Tuesday, October 16, 2012
A look back: Where's Brandon Carr's press?
By Todd Archer
IRVING, Texas – With like Brandon Carr and Morris Claiborne, as well as Mike Jenkins, the Cowboys believe they have cornerbacks who can excel at press coverage.
On Sunday at Baltimore, the Cowboys played full press coverage eight times. They were full off 13 times and played half press 20 times.
Carr’s strength is his ability to press, but he played off far too much.
On the first drive he was off twice on Jacoby Jones and was beaten for first-down catches of 5 and 8 yards. On Anquan Boldin’s 20-yard catch in the second quarter he was off and went for the ball and missed. In the fourth quarter he played press-bail on Boldin’s 13-yard catch and on the 31-yarder he jammed Boldin at the line but slipped.
Boldin is not going to run by any defensive backs, but why not get on him at the line and disrupt the timing. Flacco and Boldin played pitch and catch way too much.
** Let’s take a look at the pressure the Cowboys used Sunday. They had three-man pressure four times and it resulted in the only sack of Flacco by DeMarcus Ware. They rushed four players 15 times and were able to get four pressures or hits on Flacco. They rushed five or more six times and had two Sean Lee pressures.
** The longest play the Cowboys allowed was a 43-yard dump off to Ray Rice. I wonder if Lee was supposed to go after the quarterback or just make sure Rice did not get off into a route on that play. Rice almost appeared to let Lee scrape by him, knowing the middle of the field was open. With the corners in man coverage there was not a defender within 15 yards of Rice. Jenkins had the first attempt on Rice at the Dallas 48 and missed.
Here’s a three pack of special teams’ observations:
** The Jacoby Jones’ kickoff return. It’s difficult to blame the placement of the kick when it’s 8 yards deep, but Jason Garrett mentioned it on Monday. Bailey’s kick was down the middle of the field and gave Jones a lot of room. Dan Connor got his arm on Jones at the 11 but the returner was not touched after that. Alex Albright was caught too far inside. Andre Holmes was double-teamed (possibly held). Danny McCray was blocked well, too, leaving a big alley.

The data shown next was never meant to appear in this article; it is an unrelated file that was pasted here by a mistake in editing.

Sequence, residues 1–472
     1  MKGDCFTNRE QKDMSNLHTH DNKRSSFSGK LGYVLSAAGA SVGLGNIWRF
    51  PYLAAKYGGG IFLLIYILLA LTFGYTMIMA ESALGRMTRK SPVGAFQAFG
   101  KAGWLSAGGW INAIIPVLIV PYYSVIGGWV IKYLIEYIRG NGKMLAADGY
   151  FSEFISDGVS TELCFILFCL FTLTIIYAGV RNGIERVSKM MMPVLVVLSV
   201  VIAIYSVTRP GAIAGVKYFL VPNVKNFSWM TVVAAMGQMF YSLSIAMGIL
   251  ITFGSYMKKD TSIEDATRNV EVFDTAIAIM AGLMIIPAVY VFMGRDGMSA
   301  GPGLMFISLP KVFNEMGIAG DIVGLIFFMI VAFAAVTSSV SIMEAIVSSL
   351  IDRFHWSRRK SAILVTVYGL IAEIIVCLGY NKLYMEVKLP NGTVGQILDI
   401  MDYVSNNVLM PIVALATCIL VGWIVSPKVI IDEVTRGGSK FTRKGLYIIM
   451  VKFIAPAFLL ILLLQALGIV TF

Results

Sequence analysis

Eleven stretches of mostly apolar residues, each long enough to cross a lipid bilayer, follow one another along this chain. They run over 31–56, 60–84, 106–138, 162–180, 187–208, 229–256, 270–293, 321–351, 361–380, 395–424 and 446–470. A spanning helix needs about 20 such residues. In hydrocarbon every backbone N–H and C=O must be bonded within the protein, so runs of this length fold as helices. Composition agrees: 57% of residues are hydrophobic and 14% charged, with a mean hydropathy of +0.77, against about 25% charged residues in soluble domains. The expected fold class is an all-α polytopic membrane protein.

** Do hashmarks matter for a kicker? Bailey said no but his field goal attempts from 42 and 34 yards in the same direction came from the right hash and the wind pushed them over to the middle of the uprights or middle left. His 51-yard attempt came from the left hashmark and the wind caught it and blew it left two feet. From the right hashmark, that kick is good.
** Field position is a huge part of the game and the Cowboys missed a chance for better field position after the Ravens punted from their 9 in the third quarter. But cornerback Orlando Scandrick did a miserable job on blocking gunner Chykie Brown, giving him a free shot on Dwayne Harris. If Scandrick blocked even a little, then Harris has a chance to take the return into plus territory. He didn’t and the drive started at the Dallas 45.
** Phil Costa played a great game in his return from a three-game absence with a back injury. You can’t help but wonder if there were some different calls made by Costa that newcomer Ryan Cook didn’t make. The line was downhill all day at Baltimore. But Costa made one error that led to Tony Romo’s pick. The Ravens brought five rushers at Romo on the play. Nate Livings was beaten by linebacker Dannell Ellberbe but Costa was slow to react to his left, giving Ellerbe the chance to hit Romo as he was throwing to Kevin Ogletree. Romo wasn’t able to stick the throw and was inaccurate, leading to Cary Williams’ pick.
** On Felix Jones’ 22-yard TD run, Costa did a great job of turning tackle Ma’ake Kemoeatu to create a hole. Livings ate up Ray Lewis and Jason Witten and Tyron Smith sealed the left edge. That left Jones on safety Bernard Pollard alone and Jones made him miss. That old Jones’ burst also appeared down the sideline and he was able to run through Ed Reed at the 2 before crossing the goal line. If the Cowboys can get that Jones to show up again, then DeMarco Murray’s absence might not be that bad.